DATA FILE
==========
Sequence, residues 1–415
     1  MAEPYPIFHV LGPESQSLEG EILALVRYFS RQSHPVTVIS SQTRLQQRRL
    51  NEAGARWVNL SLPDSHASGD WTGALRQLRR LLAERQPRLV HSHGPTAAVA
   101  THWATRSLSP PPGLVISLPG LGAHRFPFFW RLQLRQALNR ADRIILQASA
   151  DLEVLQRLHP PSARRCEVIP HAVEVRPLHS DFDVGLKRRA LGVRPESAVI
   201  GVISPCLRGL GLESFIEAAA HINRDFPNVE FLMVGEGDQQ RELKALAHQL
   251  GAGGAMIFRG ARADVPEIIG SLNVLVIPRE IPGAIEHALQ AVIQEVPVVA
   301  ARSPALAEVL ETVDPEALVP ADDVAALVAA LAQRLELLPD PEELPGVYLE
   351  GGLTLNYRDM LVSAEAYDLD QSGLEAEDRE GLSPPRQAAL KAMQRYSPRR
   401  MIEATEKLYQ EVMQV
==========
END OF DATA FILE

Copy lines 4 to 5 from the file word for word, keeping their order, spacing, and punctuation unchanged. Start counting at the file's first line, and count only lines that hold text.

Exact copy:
   101  THWATRSLSP PPGLVISLPG LGAHRFPFFW RLQLRQALNR ADRIILQASA
   151  DLEVLQRLHP PSARRCEVIP HAVEVRPLHS DFDVGLKRRA LGVRPESAVI